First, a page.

Untitled Document Jessie Baylin. Where do I begin? It’s a rare opportunity to be able to write about an artist, a poet really, whose gift for words can transcend all ages even though most young women her age are just beginning on the path to coming into their own persona.



She states, "I’m always on a journey to dig deeper and find out more about life and love." It seems that Baylin has definitely lived in another life. One might call the petite songstress an "old soul" but a more fitting term would be "world spirit" as she connects with her audience with themes that all can relate to: the loss of a loved one, the uncertainties of love, the gratification from leaving an unappreciative lover.



Of course, it’s all in the delivery of these words that makes her different from the rest. Unlike our modern singers who may very well be singing about the same things but whose message is lost amidst a bubblegum package, Baylin’s approach is extremely grassroots. It’s apparent that she is deeply influenced by the days of old as her smoky voice is rich with emotion and invokes immediate associations – I cringe when I type this word, but we’ll go with it for now – of celebrated singers whose voices remain timeless: Stevie Nicks, Joni Mitchell and even a touch of the blues.



Born in Gillette, New Jersey, Baylin has always been surrounded by music. Her father played in a few bands in her youth and exposed her to a wide range of music, including Steely Dan and Tom Petty and the Heartbreakers. The desire to progress in music continued to cultivate when she attended New York’s Professional Children’s School. The school is known for being fundamental to kids who aspire to be in the performing and visual art realms.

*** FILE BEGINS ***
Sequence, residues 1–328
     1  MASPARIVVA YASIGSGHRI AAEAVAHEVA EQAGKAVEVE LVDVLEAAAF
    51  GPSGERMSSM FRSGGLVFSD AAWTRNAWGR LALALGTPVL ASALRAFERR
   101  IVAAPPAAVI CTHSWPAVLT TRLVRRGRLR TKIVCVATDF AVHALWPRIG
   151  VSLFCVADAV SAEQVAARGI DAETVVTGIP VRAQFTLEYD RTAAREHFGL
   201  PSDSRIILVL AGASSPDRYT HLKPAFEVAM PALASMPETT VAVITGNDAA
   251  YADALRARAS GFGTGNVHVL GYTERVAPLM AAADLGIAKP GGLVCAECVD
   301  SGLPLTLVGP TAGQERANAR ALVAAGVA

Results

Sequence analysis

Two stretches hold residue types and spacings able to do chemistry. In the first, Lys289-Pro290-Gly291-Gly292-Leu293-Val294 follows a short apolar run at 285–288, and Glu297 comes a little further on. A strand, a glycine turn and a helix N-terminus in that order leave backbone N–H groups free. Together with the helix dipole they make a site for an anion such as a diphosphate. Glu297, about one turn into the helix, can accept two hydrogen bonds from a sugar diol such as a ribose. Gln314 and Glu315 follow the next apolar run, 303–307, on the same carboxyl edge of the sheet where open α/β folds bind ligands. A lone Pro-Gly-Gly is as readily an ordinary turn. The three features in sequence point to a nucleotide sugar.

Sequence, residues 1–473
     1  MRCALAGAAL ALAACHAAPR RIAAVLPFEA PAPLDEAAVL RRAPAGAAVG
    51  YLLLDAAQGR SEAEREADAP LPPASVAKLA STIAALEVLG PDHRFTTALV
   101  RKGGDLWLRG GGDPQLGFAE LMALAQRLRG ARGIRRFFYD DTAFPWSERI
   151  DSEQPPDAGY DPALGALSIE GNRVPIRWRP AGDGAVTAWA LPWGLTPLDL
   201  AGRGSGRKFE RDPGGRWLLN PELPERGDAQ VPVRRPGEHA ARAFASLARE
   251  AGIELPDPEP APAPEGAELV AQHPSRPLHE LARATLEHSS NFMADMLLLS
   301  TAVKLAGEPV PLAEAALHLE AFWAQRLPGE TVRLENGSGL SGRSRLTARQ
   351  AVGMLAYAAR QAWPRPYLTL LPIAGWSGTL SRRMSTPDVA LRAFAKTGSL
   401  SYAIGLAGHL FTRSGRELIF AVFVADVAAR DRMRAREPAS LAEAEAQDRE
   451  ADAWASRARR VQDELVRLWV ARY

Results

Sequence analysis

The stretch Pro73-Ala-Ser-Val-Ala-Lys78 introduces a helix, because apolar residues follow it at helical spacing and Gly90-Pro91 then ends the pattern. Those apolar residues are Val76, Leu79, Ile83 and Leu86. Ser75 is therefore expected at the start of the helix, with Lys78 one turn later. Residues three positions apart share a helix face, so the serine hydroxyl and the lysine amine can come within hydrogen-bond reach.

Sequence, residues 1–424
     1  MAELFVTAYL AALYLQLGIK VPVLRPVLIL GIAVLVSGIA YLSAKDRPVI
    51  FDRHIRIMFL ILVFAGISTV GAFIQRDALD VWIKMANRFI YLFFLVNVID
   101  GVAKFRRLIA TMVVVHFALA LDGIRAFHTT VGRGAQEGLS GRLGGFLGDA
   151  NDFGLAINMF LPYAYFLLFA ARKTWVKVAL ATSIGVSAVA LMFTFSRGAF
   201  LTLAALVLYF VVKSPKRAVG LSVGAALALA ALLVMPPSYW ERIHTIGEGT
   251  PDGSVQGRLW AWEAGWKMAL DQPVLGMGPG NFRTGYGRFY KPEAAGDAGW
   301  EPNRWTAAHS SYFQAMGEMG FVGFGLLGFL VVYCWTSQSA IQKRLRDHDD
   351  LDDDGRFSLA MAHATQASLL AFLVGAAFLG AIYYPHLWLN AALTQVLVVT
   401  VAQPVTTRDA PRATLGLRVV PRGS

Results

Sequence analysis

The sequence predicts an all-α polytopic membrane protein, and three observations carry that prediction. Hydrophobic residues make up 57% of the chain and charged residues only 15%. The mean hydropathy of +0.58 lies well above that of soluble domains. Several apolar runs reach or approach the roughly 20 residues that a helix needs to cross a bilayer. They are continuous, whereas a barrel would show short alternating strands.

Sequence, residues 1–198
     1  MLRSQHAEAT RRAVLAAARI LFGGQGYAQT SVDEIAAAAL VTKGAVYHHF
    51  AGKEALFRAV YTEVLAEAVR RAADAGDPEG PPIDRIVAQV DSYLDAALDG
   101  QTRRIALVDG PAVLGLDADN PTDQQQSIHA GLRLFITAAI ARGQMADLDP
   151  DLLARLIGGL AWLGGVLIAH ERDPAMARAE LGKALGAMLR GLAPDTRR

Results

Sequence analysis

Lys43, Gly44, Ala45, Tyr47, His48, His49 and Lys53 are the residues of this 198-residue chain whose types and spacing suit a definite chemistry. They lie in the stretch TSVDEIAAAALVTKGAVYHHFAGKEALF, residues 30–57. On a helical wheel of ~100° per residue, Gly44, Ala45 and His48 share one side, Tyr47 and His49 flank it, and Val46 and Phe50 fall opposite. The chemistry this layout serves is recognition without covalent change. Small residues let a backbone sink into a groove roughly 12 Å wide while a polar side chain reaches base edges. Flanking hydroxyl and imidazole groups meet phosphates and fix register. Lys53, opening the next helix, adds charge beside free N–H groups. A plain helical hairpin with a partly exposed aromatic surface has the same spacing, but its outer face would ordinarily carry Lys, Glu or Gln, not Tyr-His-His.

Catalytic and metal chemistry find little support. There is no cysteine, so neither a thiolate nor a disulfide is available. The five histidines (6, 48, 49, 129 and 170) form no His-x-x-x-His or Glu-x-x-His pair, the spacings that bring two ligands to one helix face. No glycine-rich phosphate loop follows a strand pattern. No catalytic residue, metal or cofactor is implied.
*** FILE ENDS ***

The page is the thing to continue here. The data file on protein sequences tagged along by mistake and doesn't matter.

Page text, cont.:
It is there that Jessie really built on her craft and propelled her to move to Los Angeles, not knowing a single soul. "I felt I had to go out on my own in a new place, and see what life had in store for me," she remarks. She met a lot of interesting characters (it wouldn’t be Los Angeles any other way), that could’ve easily discouraged her from finding her niche in this melting pot of the L.A. music scene, but thankfully has found a close-knit group of friends that continue to inspire and encourage her.



At her live shows, the warmth Baylin brings to the stage is palpable. Smiles stretch from wall to wall, the audience sings along – it’s nothing short of refreshing. Baylin’s seasoned band members compliment her style – guitarist Pete Snell, Paul Eckman on bass and drummer Debra Dobkin who also sings background. Baylin really comes alive when singing the song that pays homage to her father, "Higher Altitudes," it’s almost as if you can see her as a child standing on her father’s shoes and dancing.



When introducing one of her most touching songs, "Down You Go," the room becomes quiet. Though the song is pensive, as it deals with death, it also sparks your gratefulness of having had that person in your life. If you’ve ever lost someone dear to you, you’ll know what I speak of. Baylin’s performances are always interactive, you feel as though she speaking directly to you ... and she is.



Jessie Baylin will perform Jan. 16 and Jan. 23 at the Hotel Café in Hollywood. For more information, visit www.myspace.com/jessiebaylin.